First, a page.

More recently, he has been organizing like-minded people through social media. His Big Trees of New York Facebook group includes more than 2,800 members.

“New York has a lot of big tree hunters,” he says, noting that this isn’t surprising because the state also has the second largest amount of old-growth forest in the U.S.

On an international level, Breglia also leads the Big Tree Seekers Facebook group, which caught the attention of Facebook’s marketing department and ended up being featured on giant ads over Times Square in 2019. Since then, that Facebook group has exploded to include more than 200,000 members.

Facebook ran an ad campaign in 2019 that featured tree hunters in Times Square. (Photo: Courtesy Fred Breglia)

This year, Breglia is launching the Landis Arboretum 2023 Big Tree Search, a statewide effort that he hopes will attract new people to the hobby.  “We are looking for the next biggest single-stem tree in New York State overall, regardless of species, and will be offering a cash reward to the person who can find it,” he says. “We will also be looking for new New York state species champions.” These are the largest of each tree species in New York State, according to the recently updated state DEC Big Tree Register.

With close to 200 eligible tree species in the state of various sizes, it is worth noting that a champion tree is not necessarily a “big” tree. “A big sumac could be two feet in diameter,” Breglia says. “That’s really big for a sumac.”

Also, some species are waiting for someone to nominate a champion on their behalf. “We don’t currently have a hazel alder champion,” Brady pointed out. “But someone could nominate one in their backyard, and it would be an instant champion simply because no others have been nominated.”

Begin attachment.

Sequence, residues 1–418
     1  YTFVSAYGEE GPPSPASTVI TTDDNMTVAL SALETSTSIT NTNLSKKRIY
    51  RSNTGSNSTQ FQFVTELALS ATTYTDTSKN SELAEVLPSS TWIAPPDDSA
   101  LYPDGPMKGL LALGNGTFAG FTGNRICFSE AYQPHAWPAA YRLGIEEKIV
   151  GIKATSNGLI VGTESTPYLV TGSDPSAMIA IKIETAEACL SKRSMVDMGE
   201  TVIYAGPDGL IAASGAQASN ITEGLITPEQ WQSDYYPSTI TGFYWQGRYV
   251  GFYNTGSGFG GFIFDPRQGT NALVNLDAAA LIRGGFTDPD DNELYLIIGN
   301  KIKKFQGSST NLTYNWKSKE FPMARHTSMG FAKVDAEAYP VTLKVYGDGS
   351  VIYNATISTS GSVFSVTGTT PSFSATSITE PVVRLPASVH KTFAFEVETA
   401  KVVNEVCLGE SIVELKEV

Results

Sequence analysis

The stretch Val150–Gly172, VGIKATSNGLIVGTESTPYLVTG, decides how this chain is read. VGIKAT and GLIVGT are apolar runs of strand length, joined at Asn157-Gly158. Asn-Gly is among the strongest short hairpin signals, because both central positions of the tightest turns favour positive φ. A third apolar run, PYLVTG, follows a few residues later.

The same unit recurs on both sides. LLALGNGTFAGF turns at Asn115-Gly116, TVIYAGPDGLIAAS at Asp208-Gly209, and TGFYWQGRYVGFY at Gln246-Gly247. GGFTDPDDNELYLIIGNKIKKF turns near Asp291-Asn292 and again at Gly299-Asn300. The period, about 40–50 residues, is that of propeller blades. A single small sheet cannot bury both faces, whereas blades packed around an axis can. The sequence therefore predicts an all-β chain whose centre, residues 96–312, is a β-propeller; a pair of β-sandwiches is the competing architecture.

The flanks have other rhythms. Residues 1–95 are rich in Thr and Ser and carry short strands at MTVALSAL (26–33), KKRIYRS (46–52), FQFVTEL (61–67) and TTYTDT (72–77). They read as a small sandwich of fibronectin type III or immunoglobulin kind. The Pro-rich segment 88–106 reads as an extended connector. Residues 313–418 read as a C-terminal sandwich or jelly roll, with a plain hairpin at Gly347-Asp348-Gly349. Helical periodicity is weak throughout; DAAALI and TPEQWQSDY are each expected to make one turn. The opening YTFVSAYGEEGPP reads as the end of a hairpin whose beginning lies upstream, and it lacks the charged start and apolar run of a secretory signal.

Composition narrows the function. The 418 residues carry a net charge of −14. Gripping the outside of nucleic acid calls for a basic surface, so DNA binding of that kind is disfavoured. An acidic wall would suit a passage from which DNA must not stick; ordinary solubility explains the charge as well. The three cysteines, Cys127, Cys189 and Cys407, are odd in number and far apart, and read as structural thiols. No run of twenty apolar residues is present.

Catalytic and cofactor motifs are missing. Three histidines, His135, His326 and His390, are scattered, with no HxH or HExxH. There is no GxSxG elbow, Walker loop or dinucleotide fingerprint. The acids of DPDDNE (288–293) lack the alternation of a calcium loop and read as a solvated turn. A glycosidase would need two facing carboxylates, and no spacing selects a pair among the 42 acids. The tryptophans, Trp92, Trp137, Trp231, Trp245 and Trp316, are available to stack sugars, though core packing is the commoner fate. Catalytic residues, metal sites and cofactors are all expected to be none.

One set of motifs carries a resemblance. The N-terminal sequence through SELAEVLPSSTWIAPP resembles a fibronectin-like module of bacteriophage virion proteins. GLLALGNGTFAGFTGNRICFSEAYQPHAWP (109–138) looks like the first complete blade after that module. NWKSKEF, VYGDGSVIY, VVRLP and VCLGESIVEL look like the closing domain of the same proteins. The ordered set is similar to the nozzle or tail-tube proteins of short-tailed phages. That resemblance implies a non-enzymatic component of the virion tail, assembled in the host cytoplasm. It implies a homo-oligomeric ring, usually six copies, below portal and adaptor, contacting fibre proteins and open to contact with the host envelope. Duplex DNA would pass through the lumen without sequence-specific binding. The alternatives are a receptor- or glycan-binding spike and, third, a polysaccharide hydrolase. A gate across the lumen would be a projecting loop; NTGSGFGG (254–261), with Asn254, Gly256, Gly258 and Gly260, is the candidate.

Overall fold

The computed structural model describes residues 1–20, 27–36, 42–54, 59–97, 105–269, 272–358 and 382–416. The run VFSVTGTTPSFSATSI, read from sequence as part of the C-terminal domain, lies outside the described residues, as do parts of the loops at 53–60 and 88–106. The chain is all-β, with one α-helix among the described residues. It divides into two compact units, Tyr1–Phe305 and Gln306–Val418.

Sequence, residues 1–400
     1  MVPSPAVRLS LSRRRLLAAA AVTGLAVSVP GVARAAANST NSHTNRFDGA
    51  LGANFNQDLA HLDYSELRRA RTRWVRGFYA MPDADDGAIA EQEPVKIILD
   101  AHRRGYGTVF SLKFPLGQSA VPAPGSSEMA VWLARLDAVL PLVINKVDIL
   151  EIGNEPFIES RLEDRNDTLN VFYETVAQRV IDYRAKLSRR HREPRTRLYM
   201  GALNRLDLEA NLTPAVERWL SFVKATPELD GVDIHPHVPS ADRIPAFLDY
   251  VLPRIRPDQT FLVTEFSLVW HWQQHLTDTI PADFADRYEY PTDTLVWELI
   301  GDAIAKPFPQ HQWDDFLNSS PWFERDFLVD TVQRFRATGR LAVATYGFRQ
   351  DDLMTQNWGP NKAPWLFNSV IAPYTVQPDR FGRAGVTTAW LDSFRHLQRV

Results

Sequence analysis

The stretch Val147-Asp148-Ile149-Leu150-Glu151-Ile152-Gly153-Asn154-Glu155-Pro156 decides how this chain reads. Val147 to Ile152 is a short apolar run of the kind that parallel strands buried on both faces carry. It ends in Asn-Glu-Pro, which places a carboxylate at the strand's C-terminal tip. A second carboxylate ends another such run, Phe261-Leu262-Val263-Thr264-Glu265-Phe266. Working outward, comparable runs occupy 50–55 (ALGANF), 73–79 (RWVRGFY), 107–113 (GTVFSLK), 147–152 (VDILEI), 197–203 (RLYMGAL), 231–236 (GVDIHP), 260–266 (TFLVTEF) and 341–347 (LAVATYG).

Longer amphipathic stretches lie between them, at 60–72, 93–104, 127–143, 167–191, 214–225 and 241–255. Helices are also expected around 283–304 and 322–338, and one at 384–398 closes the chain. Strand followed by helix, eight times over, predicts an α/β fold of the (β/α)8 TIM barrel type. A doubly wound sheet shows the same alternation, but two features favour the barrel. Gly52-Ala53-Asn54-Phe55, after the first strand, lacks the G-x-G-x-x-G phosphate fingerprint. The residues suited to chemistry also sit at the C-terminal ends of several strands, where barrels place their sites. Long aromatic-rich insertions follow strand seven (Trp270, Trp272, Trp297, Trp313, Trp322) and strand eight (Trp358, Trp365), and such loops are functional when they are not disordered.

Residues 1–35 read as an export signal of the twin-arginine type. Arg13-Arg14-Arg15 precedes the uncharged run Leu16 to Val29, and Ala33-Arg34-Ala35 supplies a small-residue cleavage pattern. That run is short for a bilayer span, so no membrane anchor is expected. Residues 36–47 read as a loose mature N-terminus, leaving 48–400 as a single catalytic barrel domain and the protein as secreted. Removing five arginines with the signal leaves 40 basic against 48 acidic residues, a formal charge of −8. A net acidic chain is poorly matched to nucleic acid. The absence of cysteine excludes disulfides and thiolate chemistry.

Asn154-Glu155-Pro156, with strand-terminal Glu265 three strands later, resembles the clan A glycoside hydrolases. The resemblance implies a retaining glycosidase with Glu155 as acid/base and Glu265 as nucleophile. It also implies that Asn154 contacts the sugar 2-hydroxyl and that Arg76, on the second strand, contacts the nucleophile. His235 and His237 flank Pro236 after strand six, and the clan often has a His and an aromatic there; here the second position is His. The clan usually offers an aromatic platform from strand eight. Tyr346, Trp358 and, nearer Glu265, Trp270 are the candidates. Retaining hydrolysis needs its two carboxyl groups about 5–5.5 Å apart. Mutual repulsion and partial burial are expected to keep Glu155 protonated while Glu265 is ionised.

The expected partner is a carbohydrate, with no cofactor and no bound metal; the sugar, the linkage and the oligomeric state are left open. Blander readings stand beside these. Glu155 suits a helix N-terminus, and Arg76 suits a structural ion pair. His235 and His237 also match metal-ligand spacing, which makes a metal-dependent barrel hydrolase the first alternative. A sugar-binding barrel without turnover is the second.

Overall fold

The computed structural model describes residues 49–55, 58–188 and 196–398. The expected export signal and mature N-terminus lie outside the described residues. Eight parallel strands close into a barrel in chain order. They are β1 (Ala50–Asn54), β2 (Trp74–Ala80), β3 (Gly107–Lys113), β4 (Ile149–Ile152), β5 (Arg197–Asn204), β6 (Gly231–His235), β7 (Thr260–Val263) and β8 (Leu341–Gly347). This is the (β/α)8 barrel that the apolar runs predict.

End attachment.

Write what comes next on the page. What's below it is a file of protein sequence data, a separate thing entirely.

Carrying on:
Those in the Hudson Valley who want to join the search for a champion tree should be respectful and not trespass while hunting for trees, and stay mindful of their own safety when venturing off trail or traversing unfamiliar areas. But they should also be encouraged to know that the Hudson River and its expansive floodplains are an ideal environment for finding big cottonwoods, willows, sycamores, and other water-loving trees that have never been documented. “It’s the biggest river around,” Breglia explains. “Basically, the bigger the river, the bigger the floodplain, the deeper the soil, the bigger the potential for a tree to get big.”

The Dover Oak, one of the Hudson Valley’s landmark trees, and the oldest oak tree along the Appalachian Trail. (Photo: @myattthruhike)

And that kind of potential, along with a bit of competitive spirit, keeps the search alive. “The allure of big tree hunting,” Breglia says, “is finding something that’s really hard to find, but possible. That’s what sort of keeps me coming back to it year after year — it’s that potential.”

Robert Lawrence lives in Montgomery, N.Y., where he works as a science writer and enjoys visiting the many parks of the Hudson Valley with his wife and little boy. He is originally from drier climates and holds a PhD in biochemistry from Arizona State University.